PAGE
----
Most people think of sports as being assembled in an ascendant hierarchy. Athletes and coaches work their way up from playgrounds to schools to college to the professional ranks.
Jody Brown sees it differently.
He sees his new job as volleyball head coach at Chapel Hill High School in some ways as a step up from his days at Florida Atlantic University.
“I actually am enjoying the high school level more than college,” Brown said last week. “This is a very good place. The facilities at Chapel Hill are fantastic. We’ve got a lot to work with.
“I’ve got to tell you, I’m really very pleased to be here.”
Brown’s move north from Florida worked out perfectly for family reasons. His wife, Michelle Brown, arrived in Chapel Hill in May 2103 to become an assistant provost at the University of North Carolina, where she works with the Student Support Program for Student-Athletes.
The Browns had been in Chapel Hill for a very short time before meeting former Chapel Hill High volleyball coach Sherry Norris. Their son, 9-year-old Kaja, was a student at Seawell Elementary, and Jody Brown visited his lunch table several times, sitting near Seawell physical education’s “Coach Sherry” more than once, never realizing she was also Chapel Hill volleyball’s “Coach Norris.”
“I only learned who she was when she retired,” he said.
Norris announced her retirement last spring, immediately after guiding Chapel Hill’s girls’ basketball team to an undefeated season and a second state championship. She had more than 1,200 wins combined in high school basketball and volleyball – a state record 732 wins in volleyball alone.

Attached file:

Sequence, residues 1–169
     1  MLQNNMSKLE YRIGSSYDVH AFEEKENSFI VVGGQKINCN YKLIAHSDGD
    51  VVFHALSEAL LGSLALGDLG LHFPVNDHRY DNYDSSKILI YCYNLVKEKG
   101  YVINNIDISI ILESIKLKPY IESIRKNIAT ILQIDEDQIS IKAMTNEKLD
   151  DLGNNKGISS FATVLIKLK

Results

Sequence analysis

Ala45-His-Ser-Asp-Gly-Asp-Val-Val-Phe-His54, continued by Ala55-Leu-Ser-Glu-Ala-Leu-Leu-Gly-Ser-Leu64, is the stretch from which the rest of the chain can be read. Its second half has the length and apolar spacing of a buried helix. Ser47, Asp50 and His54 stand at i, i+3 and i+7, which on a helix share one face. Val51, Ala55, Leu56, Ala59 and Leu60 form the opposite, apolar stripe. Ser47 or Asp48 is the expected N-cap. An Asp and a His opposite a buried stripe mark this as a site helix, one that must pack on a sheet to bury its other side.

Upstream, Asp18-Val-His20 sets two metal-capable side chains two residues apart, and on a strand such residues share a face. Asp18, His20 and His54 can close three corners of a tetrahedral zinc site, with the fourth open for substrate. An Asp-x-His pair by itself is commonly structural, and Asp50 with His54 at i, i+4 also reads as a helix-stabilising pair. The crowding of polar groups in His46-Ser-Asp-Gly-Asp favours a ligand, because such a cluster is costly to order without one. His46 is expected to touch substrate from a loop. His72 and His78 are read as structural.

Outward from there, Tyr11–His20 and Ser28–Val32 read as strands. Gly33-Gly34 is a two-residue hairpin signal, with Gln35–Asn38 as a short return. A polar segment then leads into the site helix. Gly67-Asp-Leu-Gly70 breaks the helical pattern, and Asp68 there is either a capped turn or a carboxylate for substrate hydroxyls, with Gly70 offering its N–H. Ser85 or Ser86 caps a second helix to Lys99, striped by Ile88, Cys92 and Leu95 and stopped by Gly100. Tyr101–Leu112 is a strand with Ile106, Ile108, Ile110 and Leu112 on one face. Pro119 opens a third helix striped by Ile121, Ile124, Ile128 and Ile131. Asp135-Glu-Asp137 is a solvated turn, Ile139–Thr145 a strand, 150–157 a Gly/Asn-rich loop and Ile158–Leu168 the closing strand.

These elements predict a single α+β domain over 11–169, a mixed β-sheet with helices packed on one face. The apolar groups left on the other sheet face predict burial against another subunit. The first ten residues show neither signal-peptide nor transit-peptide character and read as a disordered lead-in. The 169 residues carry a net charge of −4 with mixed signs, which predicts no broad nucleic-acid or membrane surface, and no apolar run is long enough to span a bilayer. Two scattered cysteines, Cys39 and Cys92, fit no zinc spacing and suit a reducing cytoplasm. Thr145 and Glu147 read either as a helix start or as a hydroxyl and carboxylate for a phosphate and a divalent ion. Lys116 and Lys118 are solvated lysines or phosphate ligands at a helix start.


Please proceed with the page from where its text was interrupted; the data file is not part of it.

Brown got the Chapel Hill volleyball job in quick order and quickly found the atmosphere suited him perfectly.
“One thing about college: everyone who comes in to your program is going for that starting role,” he said. “Here, I’ve had a lot of young people tell me that, of course, they want as much playing time as they can get, but they also want to learn so they can improve.
“I’ve been very impressed by the team unity here. It’s refreshing. It really is.”
Another thing Brown heard a lot about was last spring’s Class of 2014.
Chapel Hill graduated five top-flight players off last year’s 22-9 team, including captain Madison Gunning and NCAA Division I signees Perry Ramsey (N.C. State) and Catherine Romaine (Bucknell), both of the latter being taller than 6-0.
“Everyone told me that we graduated a lot of great players,” Brown said. “I don’t pay a lot of attention to that. I can only control what I can control.
“We may not have a lot of size this year, but we have a lot of are intelligent kids. The volleyball I.Q. of these kids is fantastic. I’m a better volleyball teacher than a volleyball coach, and the ability of these kids to learn is impressive. Whether we’re talking about how to play a position or our team system of play, these kids get it.”
Brown has been helped by the presence of assistant coach Anna Holleman, who played under Norris on one of her state championship teams and has served as an assistant for Norris at Chapel Hill.
“She knows all the right people to talk to and how to get things done,” Brown said.
Brown hopes to make good use of the Tigers’ speed and mobility this fall, like that he’s seen in returning junior middle hitter Lucie Arricastres.
“She picks up everything so quick,” he said. “Her sense of attack is great. She’s a player who makes you think: ‘We’ve got to get her the ball as much as possible.’”
Brown also likes Jadey Macdonald’s nimbleness and versatility. “She’s probably one of our top liberos,” he said.
MacDonald and Helen Gaynes are the team’s lone returning seniors. So it’s a good thing Chapel Hill has so many up and coming ninth-graders and sophomores, like sophomore letter-winner Katie Huge at setter and first-year player Kyra Crider, who has played outside hitter for N.C. Volleyball’s 15-up Cardinal club.
“We have a lot of ninth- and 10th-graders who will be pushing to get onto the varsity,” Brown said.
“This will be a transition year, but it ought to be a good year. Coach Norris has done a really great job teaching these kids how to learn the game. No matter how good we are, we’ll get better throughout the year.”